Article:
Education Beat Podcast — A home that smooths the college path for former prisoners — Listen Now!

News Update

Report says Los Angeles Unified should focus on retaining, recruiting Black educators

Los Angeles Unified should direct its focus to supporting, retaining and recruiting Black teachers, according to an independent analysis released last month. The report was conducted as part of the “Black Student Excellence through Educator Diversity, Preparation and Retention” resolution passed in February and was meant to shape the district’s strategic plan for the distribution of Black educators and students.

The report found that the percentage of Black teachers in the district is similar to the percentage of its Black students. While 8% of LAUSD students are Black, 9% of its teachers are, a proportion higher than that of the county and state. More than 90% of Black students in LAUSD attend school with a Black educator. 

In contrast to other demographics within the district, LAUSD’s Black educators are actually better represented among administrators than teachers, accounting for a fifth of administrators.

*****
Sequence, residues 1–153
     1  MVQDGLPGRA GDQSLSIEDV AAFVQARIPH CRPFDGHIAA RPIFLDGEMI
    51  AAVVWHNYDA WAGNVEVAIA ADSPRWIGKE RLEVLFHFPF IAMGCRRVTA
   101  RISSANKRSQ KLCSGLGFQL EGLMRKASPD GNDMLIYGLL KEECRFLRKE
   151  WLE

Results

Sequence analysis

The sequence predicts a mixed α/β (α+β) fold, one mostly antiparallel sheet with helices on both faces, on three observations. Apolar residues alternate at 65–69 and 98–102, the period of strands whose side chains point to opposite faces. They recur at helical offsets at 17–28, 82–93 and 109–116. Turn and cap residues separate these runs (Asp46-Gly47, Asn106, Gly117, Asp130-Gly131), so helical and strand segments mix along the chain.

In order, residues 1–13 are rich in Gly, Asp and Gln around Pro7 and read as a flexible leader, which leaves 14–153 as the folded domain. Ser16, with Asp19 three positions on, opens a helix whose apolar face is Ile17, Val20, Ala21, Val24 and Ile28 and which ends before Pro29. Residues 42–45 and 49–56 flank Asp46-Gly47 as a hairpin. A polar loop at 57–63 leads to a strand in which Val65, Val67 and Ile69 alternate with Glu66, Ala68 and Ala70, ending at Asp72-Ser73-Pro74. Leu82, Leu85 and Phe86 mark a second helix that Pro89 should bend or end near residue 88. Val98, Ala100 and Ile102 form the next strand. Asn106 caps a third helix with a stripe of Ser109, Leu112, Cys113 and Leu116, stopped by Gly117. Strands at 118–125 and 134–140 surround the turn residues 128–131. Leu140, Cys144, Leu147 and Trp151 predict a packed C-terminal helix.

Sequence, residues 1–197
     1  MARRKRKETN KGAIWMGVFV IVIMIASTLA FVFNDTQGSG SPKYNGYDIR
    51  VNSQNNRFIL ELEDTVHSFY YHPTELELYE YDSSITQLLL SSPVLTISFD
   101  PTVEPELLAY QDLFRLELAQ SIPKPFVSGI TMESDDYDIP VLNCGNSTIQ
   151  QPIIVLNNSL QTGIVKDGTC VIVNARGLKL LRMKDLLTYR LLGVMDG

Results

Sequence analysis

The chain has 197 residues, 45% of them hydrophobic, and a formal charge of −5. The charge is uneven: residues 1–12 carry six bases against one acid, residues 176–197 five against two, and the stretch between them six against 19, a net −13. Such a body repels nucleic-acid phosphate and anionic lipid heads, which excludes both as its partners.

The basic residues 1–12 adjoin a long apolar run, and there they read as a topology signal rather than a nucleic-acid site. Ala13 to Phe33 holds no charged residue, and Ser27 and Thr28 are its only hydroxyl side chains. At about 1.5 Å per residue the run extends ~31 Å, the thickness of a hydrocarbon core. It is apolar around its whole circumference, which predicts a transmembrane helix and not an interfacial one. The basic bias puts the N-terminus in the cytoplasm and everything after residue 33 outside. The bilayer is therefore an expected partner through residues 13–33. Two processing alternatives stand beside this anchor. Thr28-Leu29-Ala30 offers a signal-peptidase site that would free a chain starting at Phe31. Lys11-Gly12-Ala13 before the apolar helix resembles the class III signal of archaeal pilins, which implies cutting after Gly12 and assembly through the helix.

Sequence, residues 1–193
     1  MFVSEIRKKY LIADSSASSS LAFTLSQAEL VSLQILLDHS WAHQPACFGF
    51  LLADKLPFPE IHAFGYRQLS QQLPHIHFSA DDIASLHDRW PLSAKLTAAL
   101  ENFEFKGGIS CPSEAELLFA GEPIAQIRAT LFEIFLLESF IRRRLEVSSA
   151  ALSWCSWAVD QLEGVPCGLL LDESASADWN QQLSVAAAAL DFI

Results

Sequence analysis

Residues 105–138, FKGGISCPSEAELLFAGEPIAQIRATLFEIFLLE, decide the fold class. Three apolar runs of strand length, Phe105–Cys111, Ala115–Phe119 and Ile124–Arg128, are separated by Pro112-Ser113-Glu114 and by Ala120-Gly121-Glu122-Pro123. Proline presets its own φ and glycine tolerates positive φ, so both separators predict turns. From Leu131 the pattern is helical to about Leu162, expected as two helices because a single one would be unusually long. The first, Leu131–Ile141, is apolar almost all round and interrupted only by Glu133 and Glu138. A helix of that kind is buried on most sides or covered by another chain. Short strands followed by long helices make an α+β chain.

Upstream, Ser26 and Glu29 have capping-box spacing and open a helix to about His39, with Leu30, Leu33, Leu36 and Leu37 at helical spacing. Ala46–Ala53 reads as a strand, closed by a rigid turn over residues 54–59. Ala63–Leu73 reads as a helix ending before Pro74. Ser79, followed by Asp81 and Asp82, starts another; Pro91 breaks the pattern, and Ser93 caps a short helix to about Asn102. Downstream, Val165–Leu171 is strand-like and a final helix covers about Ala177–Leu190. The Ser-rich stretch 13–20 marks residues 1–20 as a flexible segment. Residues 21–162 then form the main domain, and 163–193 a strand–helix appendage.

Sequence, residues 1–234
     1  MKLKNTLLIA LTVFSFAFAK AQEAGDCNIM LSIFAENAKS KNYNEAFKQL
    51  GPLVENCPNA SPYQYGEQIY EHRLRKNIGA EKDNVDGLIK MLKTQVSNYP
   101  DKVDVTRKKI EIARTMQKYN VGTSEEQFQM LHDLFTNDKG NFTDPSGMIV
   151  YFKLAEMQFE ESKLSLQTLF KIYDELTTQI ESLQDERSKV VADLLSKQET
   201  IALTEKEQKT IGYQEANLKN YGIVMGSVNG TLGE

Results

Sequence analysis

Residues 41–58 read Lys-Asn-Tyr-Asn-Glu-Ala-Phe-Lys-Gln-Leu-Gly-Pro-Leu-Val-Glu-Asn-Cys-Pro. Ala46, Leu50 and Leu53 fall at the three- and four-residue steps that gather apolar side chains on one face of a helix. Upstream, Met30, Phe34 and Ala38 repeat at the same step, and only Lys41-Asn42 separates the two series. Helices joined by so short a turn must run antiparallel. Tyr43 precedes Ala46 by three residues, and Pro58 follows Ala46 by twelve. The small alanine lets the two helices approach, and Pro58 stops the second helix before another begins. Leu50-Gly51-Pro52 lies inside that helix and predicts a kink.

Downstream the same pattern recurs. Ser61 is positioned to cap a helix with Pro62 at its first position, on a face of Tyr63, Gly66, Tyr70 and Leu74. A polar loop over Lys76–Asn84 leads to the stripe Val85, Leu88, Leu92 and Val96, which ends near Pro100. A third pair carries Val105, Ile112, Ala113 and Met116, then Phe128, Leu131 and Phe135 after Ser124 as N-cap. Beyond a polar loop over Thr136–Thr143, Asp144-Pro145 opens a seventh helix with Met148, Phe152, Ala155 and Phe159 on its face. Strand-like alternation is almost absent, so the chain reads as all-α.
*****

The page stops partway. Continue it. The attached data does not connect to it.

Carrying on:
However, the number of Black educators is decreasing, which means LAUSD must focus on providing more support to its current educators as well as focus on recruitment, according to the report. Since 2016, LAUSD has lost 700 Black teachers. Black educators also skew older in comparison to other demographics, with 28% of Black teachers under the age of 45.

Because of that, the report recommends that the district focus on recruiting early career teachers as well as teachers at the elementary school level, where kids are less likely to encounter Black teachers. It does note, however, that LAUSD’s pool is limited because the proportion of Black educators aligns with the county’s demographic breakdown. According to census data, the Black population accounts for 9% of the total county population as of 2021.

Diversity in Leadership Institute CEO Laura McGowan-Robinson considers the report a good first step in the right direction as LAUSD moves forward in its commitment to Black educators. 

“The concern is there are more Black educators nearing retirement than there are younger Black educators coming into the system,” she said. “While there isn’t an issue in terms of representation yet, the concern was that there will be one on the horizon.”

The Diversity in Leadership Institute and other members of the Charting the Course to Equity Coalition are awaiting next steps and urging LAUSD to move forward with the recommendations in the report. They are also requesting the district formally present the report to the community.